Born in 1892, Alvan Cleveland Kincaid grew up in Orleans, Indiana. He completed
his schooling and graduated from Franklin College in 1915. Kincaid enrolled in the military shortly after.
Kincaid’s first military experience when he was assigned as a First Lieutenant in the 336th Infantry,
stationed in the United States. His military experiences broadened from national to world wide forces. He had assignments
in France, the Panama Canal Zone, and other countries while on duty. He fulfilled many ranks, but held titles as a command
pilot, combat observer, and aircraft observer. During his years of service, Kincaid received many awards. These included the
Distinguished Service Medal, Legion of Merit, Commendation Ribbon, Silver Star, Bronze Star Medal, and a Purple Heart.
Kincaid also received awards from many foreign countries.
Even though, Kincaid was a General, he had an outstanding reputation for always being kind and thoughtful. An account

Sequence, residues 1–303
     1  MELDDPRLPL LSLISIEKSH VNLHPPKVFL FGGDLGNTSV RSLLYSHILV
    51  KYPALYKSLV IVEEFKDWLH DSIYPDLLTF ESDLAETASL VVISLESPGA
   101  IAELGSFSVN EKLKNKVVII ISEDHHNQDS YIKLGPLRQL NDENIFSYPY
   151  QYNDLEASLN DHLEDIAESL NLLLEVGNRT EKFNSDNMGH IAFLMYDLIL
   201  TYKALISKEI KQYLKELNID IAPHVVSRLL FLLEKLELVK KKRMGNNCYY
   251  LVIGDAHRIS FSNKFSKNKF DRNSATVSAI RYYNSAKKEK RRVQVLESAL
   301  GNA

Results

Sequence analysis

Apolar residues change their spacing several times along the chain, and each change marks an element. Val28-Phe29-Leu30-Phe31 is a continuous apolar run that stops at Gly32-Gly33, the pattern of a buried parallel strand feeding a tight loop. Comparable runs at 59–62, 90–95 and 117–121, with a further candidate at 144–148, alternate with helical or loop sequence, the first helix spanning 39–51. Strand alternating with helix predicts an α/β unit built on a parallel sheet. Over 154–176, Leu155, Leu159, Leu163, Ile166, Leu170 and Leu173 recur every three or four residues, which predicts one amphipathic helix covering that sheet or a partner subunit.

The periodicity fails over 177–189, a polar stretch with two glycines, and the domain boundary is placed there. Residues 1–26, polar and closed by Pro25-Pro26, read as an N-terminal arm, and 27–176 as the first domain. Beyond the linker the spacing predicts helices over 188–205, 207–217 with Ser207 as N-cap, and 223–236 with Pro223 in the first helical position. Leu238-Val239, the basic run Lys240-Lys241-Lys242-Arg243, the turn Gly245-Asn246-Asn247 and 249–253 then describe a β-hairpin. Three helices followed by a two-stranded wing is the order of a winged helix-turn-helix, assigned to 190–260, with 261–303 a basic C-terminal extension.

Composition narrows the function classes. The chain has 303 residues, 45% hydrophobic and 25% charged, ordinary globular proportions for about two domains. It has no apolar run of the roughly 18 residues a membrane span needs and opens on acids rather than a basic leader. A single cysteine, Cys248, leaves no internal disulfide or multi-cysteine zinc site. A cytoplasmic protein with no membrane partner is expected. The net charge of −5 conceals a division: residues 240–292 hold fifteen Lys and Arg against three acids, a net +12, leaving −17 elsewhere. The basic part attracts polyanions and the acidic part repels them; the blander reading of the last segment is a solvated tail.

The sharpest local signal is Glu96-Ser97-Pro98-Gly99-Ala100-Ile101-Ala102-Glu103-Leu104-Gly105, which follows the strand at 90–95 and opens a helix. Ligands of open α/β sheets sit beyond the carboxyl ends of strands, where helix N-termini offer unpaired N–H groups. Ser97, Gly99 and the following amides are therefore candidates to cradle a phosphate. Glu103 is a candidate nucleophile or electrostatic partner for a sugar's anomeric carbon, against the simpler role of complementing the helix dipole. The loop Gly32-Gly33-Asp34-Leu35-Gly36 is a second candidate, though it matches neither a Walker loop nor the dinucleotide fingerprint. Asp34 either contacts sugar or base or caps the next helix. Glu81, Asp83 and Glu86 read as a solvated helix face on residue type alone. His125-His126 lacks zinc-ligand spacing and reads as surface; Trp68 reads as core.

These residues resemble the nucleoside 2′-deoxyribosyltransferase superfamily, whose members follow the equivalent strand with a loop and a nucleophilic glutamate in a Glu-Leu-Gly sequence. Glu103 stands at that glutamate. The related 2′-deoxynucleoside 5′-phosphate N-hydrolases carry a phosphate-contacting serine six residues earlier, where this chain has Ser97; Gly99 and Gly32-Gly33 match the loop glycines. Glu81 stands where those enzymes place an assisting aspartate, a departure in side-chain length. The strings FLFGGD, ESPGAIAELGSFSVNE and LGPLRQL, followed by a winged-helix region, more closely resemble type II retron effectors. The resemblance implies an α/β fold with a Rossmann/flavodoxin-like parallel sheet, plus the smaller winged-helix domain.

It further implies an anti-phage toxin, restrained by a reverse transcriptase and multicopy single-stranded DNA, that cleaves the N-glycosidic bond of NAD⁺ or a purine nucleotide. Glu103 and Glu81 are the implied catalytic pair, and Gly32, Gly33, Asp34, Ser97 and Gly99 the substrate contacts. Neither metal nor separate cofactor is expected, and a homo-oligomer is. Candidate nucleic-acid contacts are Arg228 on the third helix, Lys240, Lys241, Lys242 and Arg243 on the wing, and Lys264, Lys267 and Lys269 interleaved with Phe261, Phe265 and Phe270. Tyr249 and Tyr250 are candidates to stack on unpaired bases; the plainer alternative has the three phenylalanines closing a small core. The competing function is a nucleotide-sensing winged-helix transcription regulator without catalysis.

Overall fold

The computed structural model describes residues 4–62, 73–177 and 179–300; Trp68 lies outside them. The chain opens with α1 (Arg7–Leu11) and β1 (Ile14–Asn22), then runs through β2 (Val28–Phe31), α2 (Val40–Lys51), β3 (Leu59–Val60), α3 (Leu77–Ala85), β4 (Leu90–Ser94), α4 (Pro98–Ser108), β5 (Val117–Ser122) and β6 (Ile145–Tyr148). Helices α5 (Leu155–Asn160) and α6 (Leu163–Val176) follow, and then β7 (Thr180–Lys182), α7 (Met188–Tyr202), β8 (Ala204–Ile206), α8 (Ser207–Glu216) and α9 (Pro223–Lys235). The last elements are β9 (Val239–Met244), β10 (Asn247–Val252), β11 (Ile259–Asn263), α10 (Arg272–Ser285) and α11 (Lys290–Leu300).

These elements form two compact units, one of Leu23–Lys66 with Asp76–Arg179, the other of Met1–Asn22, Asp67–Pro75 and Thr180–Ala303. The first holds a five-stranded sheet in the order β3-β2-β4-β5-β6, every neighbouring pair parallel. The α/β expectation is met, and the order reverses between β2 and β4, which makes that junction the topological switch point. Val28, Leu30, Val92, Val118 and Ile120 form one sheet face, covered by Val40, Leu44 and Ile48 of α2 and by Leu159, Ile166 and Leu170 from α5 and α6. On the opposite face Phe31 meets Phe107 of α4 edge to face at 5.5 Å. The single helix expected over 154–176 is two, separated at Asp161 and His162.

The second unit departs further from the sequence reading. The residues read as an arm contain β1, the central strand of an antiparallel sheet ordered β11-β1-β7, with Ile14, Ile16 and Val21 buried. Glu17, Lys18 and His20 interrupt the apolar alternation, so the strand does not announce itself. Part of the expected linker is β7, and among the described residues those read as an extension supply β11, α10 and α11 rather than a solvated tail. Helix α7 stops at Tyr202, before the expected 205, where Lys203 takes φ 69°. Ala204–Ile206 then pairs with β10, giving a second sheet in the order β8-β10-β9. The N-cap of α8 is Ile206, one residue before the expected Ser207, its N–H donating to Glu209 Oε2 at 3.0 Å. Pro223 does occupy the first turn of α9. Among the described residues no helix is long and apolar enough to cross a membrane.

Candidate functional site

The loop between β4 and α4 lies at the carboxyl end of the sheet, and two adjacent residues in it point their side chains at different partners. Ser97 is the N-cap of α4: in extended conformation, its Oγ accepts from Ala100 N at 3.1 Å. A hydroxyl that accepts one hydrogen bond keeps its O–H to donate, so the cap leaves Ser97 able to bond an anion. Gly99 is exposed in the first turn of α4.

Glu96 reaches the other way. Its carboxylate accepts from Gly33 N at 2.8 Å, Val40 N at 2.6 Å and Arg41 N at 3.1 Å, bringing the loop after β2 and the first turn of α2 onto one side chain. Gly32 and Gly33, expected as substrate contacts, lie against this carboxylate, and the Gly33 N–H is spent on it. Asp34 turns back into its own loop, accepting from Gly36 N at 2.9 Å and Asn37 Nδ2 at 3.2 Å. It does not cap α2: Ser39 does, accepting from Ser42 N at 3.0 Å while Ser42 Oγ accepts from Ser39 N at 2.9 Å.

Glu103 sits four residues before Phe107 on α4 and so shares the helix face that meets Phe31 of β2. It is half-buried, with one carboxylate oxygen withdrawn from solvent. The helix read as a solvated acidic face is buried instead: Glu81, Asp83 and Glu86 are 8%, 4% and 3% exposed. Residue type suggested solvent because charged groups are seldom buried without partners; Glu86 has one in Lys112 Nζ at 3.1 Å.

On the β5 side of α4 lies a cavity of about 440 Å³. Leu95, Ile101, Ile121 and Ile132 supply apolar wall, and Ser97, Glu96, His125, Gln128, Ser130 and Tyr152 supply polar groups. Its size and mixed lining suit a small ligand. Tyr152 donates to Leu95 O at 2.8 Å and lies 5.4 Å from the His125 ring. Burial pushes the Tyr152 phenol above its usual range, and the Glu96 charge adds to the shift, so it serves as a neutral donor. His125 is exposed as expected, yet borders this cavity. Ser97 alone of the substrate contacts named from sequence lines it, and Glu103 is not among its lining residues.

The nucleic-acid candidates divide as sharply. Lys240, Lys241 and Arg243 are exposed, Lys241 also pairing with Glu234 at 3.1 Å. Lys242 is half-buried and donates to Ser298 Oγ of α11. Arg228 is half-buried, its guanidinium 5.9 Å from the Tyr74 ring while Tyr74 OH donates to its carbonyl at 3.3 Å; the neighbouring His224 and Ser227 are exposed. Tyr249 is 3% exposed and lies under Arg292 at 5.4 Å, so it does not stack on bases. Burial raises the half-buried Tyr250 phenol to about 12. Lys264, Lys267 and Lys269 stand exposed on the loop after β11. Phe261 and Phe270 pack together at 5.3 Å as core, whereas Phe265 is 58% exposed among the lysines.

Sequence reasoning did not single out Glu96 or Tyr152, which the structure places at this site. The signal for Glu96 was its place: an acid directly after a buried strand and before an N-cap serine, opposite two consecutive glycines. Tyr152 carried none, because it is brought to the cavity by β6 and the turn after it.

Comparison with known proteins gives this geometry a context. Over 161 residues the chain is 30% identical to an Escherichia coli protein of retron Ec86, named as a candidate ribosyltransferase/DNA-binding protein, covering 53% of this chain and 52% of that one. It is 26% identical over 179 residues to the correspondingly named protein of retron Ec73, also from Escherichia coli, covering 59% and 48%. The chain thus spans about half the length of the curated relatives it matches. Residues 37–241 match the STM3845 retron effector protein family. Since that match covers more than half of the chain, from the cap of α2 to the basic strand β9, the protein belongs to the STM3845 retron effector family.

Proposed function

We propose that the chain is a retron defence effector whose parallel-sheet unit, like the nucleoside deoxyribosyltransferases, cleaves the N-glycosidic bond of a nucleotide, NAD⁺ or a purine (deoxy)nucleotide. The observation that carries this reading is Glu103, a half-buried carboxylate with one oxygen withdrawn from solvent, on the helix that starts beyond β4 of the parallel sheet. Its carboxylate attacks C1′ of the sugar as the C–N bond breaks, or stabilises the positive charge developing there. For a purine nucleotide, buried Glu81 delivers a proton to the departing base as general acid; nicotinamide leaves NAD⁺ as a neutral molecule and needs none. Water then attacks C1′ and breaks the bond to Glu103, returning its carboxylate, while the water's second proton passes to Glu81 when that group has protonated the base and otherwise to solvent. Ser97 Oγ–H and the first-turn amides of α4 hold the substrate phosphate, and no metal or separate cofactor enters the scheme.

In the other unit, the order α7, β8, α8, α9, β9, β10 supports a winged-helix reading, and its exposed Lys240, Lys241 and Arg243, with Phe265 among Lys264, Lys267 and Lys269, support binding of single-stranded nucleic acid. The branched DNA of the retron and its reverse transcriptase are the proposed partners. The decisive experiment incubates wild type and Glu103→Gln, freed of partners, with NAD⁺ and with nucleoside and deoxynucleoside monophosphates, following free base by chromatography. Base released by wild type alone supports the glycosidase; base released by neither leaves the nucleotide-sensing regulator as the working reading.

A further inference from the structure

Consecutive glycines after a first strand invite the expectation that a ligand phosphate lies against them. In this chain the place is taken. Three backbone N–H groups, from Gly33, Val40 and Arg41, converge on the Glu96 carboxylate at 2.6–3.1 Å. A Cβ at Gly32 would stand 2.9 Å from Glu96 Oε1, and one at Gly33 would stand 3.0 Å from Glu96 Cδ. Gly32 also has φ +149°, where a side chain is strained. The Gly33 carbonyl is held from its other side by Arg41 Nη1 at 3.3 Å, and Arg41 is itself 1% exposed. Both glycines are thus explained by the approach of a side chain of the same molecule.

from Major General Earl L. Johnson shows this. Johnson says that Kincaid invited him over for dinner on Christmas Eve when
Kincaid was the Commanding General for the 20th Air Force in 1948. Kincaid had no obligation to invite him to dinner;
but, he did so knowing that Johnson would be alone. This was not only a very generous offer, but also a great opportunity
to meet with the other Generals and get to know them on a casual level.
General Kincaid also had a nick name in the force. His
initials were A. C. K., and he became known as “Ack-Ack” Kincaid. He embraced the nickname, which not all Generals
After he left the military, Kincaid spent most of his free time playing golf. Kincaid passed on January 15, 1986. He
is buried in the Arlington National Cemetery. His tomb is located in section 6, site 5474-E.
Patterson, Michael Robert. “Alvan Cleveland Kincaid Major General, United States Air Force.” Arlington
National Cemetery Website. 20 June 2007.
Stone, Chuck. “Major General Earl L. Johnson- How I First Met Charles Lindbergh.” Charles
Lindbergh an American Aviator. <http://www.charleslindbergh.com/history/johnson.asp>